Will a worldwide draft do to baseball in the Dominican Republic what it did to Puerto Rico?
Many buscones accuse MLB of selling out Latinos to protect American players’ jobs. They note there is just one Latino on MLB’s international-talent committee—who, as the son of an MLB player, mostly grew up in America. “I feel like we’re being invaded, like it’s 1965 all over again,” says Astin Jacobo, a buscón, referring to America’s occupation of the DR. “We’re only number one in one thing, and that’s baseball. We can’t give that away.”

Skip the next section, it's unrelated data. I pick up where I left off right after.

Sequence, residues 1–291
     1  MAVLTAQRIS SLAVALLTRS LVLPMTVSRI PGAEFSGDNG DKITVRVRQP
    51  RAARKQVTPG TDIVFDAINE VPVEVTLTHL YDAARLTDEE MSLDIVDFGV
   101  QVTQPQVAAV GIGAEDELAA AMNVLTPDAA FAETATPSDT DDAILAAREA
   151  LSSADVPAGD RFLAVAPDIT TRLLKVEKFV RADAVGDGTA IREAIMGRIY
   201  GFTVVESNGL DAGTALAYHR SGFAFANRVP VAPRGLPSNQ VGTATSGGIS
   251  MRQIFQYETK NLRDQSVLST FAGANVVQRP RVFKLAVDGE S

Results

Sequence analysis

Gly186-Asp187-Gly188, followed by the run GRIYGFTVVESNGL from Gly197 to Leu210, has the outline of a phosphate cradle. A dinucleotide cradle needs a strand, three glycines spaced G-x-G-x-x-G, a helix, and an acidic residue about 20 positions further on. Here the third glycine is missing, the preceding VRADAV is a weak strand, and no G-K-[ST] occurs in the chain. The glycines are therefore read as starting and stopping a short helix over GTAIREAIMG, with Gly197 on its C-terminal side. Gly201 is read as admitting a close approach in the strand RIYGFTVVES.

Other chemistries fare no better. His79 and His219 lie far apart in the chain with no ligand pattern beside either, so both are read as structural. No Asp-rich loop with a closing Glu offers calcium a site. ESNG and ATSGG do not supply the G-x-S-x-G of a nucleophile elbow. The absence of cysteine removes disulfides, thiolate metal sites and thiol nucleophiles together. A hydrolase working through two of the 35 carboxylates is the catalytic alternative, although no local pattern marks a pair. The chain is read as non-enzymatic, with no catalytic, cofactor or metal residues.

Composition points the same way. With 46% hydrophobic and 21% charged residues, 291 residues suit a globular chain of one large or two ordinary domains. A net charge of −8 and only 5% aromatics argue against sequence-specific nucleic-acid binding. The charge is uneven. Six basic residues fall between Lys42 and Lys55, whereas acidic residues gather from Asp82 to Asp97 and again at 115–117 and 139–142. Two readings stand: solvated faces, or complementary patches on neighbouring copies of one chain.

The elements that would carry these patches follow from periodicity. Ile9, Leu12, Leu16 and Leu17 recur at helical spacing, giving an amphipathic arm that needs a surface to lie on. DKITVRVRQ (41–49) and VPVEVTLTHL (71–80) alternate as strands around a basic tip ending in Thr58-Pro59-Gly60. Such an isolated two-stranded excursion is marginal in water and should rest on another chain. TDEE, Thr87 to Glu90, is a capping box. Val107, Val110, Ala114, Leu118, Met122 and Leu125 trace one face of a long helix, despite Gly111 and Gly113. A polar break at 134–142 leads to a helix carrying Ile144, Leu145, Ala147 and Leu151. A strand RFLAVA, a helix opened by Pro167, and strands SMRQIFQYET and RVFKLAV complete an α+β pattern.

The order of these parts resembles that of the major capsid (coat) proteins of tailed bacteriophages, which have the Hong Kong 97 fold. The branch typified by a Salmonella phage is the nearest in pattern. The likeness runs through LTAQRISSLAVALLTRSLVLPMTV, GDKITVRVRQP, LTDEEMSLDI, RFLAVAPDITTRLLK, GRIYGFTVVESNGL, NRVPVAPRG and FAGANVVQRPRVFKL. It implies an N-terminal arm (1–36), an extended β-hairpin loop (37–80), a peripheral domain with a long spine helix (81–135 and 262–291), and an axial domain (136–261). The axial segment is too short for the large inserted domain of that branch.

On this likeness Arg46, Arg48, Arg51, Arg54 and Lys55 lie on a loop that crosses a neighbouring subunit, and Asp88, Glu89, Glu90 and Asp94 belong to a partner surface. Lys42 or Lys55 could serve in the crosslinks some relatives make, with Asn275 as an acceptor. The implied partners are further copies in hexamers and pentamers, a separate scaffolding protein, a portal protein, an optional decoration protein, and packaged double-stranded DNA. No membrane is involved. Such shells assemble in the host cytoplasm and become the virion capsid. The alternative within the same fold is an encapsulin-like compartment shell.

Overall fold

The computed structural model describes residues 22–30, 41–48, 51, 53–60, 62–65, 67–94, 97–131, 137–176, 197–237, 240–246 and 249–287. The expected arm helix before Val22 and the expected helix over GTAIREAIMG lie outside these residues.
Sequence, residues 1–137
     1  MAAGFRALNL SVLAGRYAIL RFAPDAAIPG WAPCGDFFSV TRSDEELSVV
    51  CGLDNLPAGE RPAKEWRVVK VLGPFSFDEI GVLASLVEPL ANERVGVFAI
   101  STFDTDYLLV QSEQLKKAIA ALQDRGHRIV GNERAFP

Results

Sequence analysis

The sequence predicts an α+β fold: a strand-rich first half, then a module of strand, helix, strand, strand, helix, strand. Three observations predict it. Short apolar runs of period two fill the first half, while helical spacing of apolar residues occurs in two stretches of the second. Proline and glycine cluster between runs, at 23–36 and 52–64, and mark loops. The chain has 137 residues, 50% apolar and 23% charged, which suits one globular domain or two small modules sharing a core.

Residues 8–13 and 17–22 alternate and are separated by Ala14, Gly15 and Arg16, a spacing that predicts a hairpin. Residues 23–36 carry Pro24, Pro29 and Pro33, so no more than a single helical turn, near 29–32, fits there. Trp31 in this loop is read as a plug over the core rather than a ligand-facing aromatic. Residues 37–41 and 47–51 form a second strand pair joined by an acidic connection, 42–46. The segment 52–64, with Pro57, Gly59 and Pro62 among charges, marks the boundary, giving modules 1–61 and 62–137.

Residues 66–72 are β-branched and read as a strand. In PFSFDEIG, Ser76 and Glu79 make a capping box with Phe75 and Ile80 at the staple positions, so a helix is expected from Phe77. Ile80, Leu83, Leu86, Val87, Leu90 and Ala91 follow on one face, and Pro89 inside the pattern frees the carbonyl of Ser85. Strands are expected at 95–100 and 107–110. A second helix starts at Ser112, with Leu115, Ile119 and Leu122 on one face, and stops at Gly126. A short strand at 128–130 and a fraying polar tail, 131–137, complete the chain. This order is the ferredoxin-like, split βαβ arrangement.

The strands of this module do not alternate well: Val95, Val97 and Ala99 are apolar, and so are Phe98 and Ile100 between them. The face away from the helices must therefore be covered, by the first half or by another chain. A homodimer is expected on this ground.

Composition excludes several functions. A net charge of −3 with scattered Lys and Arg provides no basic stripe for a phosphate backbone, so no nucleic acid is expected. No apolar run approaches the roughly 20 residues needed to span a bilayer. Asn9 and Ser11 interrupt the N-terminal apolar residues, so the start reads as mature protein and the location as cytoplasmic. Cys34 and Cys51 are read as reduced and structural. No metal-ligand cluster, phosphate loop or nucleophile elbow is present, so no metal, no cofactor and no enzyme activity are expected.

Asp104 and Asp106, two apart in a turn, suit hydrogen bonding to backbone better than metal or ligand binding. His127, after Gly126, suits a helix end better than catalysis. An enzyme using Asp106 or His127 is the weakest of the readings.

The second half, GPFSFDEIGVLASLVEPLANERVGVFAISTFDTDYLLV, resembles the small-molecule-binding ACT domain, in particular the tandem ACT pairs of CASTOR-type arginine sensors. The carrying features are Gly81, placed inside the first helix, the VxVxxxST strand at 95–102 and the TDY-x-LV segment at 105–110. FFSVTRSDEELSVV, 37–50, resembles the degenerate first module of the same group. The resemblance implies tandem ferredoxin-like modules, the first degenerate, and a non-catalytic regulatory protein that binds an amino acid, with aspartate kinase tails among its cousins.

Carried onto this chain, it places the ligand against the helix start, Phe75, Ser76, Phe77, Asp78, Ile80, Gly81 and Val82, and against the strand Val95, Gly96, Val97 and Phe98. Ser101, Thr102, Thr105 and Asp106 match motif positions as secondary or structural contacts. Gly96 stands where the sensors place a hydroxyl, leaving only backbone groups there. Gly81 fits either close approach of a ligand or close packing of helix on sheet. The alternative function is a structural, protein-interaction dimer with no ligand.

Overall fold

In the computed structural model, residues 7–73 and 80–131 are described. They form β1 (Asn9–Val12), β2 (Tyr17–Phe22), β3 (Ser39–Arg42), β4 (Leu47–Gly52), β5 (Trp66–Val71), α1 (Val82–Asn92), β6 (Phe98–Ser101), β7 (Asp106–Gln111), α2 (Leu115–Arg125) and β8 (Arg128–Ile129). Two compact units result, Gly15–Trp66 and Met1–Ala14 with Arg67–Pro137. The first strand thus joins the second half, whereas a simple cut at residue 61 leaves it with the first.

A group of Dominican buscones has already held anti-draft protests. They might convince MLB to set up a separate draft for foreigners with an eligibility age of 16, which would be less disruptive than extending America’s draft abroad. But stopping the draft entirely will be hard.
Many buscones talk of a strike. But they have not formed a union. Even if they do, they could not stop their players from opting to sign with MLB teams.
That leaves the government. Felipe Payano, the sports minister, has already written a letter to Bud Selig, MLB’s commissioner, expressing his opposition to a draft. He says his office is investigating whether it might violate the DR’s free-trade agreement with America. Another option would be to sue MLB for collusion under Dominican antitrust law.